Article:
Disqus is one of the most popular commenting platforms in the world, operating as a hosted system on the external servers of the solution provider.
It works using API, so it can be used on other websites such as Blogger, Joomla, Drupal or the simplest website written in HTML. Integration with WordPress is done through a plugin, or actually many plugins because you can choose between those written by the system provider and other independent developers.
It's one of the most feature-rich commenting systems out there, and by all accounts one of the more aesthetically pleasing. It supports nested comments, social media login, reply notifications and much more. Commenters can also add media in their comments with videos included.
Disqus is not perfect, however. In fact, by default it requires users to log in before posting a comment. Of course, there are multiple login options (Twitter, Facebook or a Disqus account), but this can annoy some visitors, many of whom will simply let go of commenting. I've experienced this myself so I know what I'm writing 🙂 Yes a user can tick the option to comment as a guest, but not everyone will see this option. This is a disadvantage, but also an advantage because taka policy keeps spam to a minimum.
Furthermore, Disqus makes money, because why should it make its tools available for free and get nothing out of it. It makes money from its users, including building profiles and selling that data. For this reason, many privacy-focused webmasters do not accept it.
The company behind Disqus also makes money from advertising. In the early days of development, the system did not broadcast any ads unless you wanted to. However, the company decided to change that in the free basic plan. You can remove them for $9 per month and get additional direct customer support from the Disqus team. The $89 per month Pro plan, on the other hand, includes options such as priority support, background banning and email subscriptions.
The wpDiscuz plugin is known for its speed, stability and modern design. Ratings for this extension are high and the support forum is vibrant. Comments are stored in your site's database, not on external servers like Disqus. So there is no problem switching to another comment system.
Furthermore, the extension can be integrated with a wide range of popular plugins such as BuddyPress, UserPro or Akismet to combat the scourge of spam. The default comment form is responsive and works quite well on screens of different sizes.
For many years JZS hosted Disqus with a small break for Facebook, which in my case did not work at all. Currently, wpDisquz is running on JZS and is very stable indeed. There is only a small problem, because Disquz uses Font Awesome library version 5, while Elementor is still on version 4, which means that I have to style some small details manually. That's how it goes. Fortunately, this will change soon, because Elementor version 2.6 will support Font Awesome 5. The problem will disappear.
Another advantage of wpDiscuz is that the plugin in its basic version is completely free. You don't have to worry about a monthly or annual fee, and the forum support is great. There are also some add-ons that extend the capabilities of wpDiscuz that you have to pay for - after all, the developer has to live on something and have an incentive to develop the extension.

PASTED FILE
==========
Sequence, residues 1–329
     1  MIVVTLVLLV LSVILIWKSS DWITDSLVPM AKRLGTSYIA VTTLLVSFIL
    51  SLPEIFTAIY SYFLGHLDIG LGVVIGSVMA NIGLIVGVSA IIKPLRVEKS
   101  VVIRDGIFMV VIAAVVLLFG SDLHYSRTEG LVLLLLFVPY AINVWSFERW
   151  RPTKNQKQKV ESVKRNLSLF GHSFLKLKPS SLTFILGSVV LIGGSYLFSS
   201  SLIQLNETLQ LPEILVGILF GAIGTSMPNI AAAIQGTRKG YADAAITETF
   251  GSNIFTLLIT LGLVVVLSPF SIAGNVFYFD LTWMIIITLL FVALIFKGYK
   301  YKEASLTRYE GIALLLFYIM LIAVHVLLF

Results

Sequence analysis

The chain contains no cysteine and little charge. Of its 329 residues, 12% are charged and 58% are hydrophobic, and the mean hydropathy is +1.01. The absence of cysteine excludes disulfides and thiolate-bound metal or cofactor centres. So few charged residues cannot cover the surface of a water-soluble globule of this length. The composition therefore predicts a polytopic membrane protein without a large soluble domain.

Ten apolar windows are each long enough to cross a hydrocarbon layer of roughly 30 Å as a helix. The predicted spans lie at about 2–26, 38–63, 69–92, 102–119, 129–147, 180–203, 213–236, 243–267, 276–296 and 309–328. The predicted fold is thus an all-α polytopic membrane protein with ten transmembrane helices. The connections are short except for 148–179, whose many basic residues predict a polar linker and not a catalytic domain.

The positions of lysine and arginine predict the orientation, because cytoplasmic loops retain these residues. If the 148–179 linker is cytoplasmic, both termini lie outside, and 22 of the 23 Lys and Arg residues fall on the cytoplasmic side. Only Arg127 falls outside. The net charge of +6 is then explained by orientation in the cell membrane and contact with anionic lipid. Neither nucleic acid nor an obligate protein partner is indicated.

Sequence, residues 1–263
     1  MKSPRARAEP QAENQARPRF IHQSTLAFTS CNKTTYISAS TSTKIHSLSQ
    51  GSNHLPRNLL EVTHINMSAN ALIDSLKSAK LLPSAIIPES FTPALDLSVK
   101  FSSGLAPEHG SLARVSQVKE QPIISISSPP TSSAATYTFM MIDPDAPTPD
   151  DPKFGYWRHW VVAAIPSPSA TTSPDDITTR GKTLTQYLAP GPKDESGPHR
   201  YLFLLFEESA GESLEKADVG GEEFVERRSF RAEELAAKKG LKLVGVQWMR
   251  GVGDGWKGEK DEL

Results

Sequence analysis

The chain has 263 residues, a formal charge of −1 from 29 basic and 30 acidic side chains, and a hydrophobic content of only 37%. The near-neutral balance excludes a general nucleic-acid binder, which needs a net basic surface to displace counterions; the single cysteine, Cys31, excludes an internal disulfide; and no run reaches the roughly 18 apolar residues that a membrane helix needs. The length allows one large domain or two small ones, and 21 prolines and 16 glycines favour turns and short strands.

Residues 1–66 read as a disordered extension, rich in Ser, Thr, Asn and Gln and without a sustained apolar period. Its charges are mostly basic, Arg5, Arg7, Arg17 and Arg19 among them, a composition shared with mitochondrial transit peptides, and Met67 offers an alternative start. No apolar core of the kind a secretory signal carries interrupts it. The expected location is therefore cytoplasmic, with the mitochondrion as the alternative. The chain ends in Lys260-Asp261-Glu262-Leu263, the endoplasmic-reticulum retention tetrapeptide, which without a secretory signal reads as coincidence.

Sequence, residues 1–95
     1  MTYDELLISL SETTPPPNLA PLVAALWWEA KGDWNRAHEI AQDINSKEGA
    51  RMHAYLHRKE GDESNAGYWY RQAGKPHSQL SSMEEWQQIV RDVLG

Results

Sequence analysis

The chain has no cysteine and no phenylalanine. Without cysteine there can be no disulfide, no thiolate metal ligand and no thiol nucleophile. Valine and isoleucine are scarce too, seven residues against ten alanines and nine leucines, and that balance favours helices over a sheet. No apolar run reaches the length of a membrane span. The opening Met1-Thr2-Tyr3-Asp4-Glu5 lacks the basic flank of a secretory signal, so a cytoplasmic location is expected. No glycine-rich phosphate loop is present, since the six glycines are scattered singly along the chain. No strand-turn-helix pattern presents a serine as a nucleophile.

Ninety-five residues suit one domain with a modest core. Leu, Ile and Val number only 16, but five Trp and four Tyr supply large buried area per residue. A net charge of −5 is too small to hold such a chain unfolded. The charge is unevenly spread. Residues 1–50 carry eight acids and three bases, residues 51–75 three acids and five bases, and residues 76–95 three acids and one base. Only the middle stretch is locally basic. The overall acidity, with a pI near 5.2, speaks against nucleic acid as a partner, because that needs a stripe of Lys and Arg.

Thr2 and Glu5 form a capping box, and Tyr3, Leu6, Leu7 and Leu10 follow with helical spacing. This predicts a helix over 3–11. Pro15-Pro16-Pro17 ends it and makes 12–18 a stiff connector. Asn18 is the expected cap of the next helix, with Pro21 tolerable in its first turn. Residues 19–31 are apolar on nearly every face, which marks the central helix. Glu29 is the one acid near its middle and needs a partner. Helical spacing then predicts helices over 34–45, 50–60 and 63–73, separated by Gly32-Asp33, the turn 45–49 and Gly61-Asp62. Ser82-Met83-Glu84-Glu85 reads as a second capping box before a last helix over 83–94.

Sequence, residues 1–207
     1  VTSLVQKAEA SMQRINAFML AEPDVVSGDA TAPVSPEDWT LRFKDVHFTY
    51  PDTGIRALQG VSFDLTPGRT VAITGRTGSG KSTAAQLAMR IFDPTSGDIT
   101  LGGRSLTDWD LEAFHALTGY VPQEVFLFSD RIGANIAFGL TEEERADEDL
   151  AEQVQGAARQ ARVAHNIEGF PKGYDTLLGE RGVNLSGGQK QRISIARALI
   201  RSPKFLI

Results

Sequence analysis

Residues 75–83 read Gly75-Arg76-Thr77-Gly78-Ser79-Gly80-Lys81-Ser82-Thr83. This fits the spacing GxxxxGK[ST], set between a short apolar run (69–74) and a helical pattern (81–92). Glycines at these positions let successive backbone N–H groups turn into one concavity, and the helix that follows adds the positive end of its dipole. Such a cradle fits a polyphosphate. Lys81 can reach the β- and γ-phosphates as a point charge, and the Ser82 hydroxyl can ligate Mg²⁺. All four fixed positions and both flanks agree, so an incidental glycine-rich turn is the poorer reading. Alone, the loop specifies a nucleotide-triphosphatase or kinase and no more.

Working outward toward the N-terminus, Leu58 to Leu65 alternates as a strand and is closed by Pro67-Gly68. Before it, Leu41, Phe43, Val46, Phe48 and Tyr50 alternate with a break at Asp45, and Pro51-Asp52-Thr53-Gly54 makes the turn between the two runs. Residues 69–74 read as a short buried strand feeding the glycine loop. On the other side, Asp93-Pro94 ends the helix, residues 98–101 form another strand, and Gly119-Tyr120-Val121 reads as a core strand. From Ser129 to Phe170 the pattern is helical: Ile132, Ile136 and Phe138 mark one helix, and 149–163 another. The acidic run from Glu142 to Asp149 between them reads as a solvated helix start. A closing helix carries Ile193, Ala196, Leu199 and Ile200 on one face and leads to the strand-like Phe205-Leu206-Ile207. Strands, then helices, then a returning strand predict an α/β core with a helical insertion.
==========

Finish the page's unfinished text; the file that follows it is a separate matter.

You may need a comment search tool or a subscription manager, in which case paid extensions are at your disposal. You'll pay (if you need them) $99 for the full suite of extensions. You can also buy individual extensions.
Generally the native functionality of this system provides you with everything you need. You even have a free comment form builder, which you can enrich with your own fields if needed.
Thrive Comments is a plugin that completely replaces the native WordPress comment system with its own interface.
It is equipped with many improvements both on the front and the back. Firstly, Thrive Comments allows you to rank comments by moving them up or down. It's like you're giving a like or subtracting a like. Those comments that have the most land at the top, those with the worst scores at the bottom.
To encourage users to leave comments, you can use gamification so that active commenters can receive special badges.
Thrive Comments dalso provides a "Leave a comment" button at both the top and bottom - so there is no longer any need to scroll through a long list of comments just to leave a new comment.
Users can log in via social media and can also subscribe to comments and receive email notifications of new replies.
Another unique feature of Thrive Comments is its focus on increasing conversions by allowing you to interact with users after they leave a comment. You can, for example:
- display a custom message or trigger a popup using the Thrive Leads plugin
- display different calls to action (CTAs) after leaving a comment, depending on whether the user has commented before or not.
That's all on the front end, but Thrive Comments also has its own moderation panel, making it easy to manage your comments, along with plenty of keyboard shortcuts. Oj convenienceaaa 🙂
If I wanted to briefly summarise the extension I would write that the idea behind Thrive Comments is to encourage conversation through motivational mechanisms. The premise is simple. You can't expect a user to submit a comment if you don't get anything in return 🙂 .
Thrive Comments works similarly to a social network, where customers and readers can "like or dislike" other comments and even get badges based on their activity, as I mentioned above. Overall, this mechanism encourages more comments and ensures that only high quality ones are displayed first. This has a positive impact on the reception of the main article.
The plug-in isn't free, but it doesn't ruin your wallet either. The cost of a license for one site is $39.